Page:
## Brain Damage in Climbers

September 26, 2007

A worrying finding, for someone who enjoys both climbing and thinking and wants to be at least moderately accomplished in both. From SciAm Mind Matters:

…neurologists Nicholas Fayed and colleagues at the Clinica Queron and Miguel Servet University Hospital in Zarogoza, Spain, gave MRI brain scans to 35 climbers (12 professionals and 23 amateurs) who had returned from high-altitude expeditions, including 13 who had attempted Everest.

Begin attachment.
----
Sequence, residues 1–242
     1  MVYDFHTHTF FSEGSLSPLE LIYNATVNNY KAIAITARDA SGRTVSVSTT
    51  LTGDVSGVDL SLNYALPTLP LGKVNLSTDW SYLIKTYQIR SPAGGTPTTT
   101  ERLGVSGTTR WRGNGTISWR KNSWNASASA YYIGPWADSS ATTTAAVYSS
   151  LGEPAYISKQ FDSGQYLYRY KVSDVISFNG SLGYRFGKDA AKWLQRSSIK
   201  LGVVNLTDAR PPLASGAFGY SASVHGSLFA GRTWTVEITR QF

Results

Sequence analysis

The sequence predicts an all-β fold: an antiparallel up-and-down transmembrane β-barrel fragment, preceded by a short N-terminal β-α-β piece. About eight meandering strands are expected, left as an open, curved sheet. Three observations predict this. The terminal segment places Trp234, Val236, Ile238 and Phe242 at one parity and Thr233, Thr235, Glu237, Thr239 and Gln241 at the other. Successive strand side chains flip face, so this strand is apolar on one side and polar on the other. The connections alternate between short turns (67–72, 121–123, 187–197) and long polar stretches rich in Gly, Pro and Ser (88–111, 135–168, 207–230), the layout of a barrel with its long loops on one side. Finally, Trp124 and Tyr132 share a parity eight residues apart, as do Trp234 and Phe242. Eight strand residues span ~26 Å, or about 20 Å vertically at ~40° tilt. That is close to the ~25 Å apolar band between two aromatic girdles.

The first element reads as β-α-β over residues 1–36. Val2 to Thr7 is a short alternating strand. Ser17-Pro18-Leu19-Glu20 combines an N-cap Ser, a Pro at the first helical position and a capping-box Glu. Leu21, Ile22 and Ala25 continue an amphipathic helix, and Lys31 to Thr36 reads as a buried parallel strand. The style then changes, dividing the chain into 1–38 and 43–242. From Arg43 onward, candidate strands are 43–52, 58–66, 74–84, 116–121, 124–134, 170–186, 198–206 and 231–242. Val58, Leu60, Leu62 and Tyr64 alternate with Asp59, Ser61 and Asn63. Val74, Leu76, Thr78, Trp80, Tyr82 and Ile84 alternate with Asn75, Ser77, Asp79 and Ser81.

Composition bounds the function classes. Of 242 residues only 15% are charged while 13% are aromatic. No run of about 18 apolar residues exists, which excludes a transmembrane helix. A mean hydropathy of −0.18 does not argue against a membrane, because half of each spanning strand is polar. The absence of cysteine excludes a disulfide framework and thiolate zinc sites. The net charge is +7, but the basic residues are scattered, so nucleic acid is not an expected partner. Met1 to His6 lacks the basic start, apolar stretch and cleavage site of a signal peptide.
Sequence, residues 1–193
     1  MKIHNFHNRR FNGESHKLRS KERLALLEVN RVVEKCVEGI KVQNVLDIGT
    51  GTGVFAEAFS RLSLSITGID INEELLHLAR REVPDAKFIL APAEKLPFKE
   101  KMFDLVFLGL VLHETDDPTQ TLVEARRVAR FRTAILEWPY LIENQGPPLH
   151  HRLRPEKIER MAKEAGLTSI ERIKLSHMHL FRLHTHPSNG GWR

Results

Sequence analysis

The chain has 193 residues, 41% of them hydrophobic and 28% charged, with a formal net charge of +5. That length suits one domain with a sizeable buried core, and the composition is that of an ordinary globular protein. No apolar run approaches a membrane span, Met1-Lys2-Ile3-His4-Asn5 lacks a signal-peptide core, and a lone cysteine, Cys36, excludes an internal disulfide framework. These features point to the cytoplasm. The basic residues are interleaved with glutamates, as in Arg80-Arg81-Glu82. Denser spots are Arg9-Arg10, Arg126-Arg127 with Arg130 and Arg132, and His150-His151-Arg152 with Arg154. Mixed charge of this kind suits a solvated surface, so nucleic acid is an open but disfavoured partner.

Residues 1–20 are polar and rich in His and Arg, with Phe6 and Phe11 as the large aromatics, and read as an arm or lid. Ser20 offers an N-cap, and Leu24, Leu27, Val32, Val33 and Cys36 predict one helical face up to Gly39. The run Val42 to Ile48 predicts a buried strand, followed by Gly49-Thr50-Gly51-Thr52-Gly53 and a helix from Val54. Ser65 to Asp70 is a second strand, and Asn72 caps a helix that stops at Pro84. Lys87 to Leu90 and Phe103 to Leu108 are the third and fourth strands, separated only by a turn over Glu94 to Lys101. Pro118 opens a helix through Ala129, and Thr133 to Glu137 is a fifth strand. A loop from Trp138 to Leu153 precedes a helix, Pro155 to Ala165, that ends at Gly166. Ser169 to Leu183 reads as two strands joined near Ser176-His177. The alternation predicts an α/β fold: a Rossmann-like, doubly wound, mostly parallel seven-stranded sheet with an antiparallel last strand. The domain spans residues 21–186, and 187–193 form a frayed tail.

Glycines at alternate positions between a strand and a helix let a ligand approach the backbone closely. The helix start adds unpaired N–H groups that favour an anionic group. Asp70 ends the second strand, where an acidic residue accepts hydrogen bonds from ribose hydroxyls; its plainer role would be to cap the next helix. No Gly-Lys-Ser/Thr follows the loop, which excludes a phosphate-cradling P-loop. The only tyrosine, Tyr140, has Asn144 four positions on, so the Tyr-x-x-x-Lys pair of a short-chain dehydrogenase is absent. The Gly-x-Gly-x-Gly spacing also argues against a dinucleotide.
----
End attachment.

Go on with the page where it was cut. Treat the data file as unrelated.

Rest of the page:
The results on the Everest climbers are the most stark. Of the thirteen climbers, three had made the summit, at 8480 meters, three had reached 8100 meters, and seven topped out between 6500 and 7500 meters. Though the expedition suffered no major mishaps and none of the 12 professional climbers suffered any obvious signs of high-altitude illness, only one of the 13 climbers returned with a normal brain scan. The brain scans showed that all but one climber suffered cortical atrophy and enlargement of the Virchow-Robin spaces. These are spaces surrounding brain blood vessels that drain brain fluid and communicate with the lymph system. Widening of these VR spaces is seen in the elderly, but rarely in young people. The amateur climber’s brain had also suffered subcortical lesions in the frontal lobes.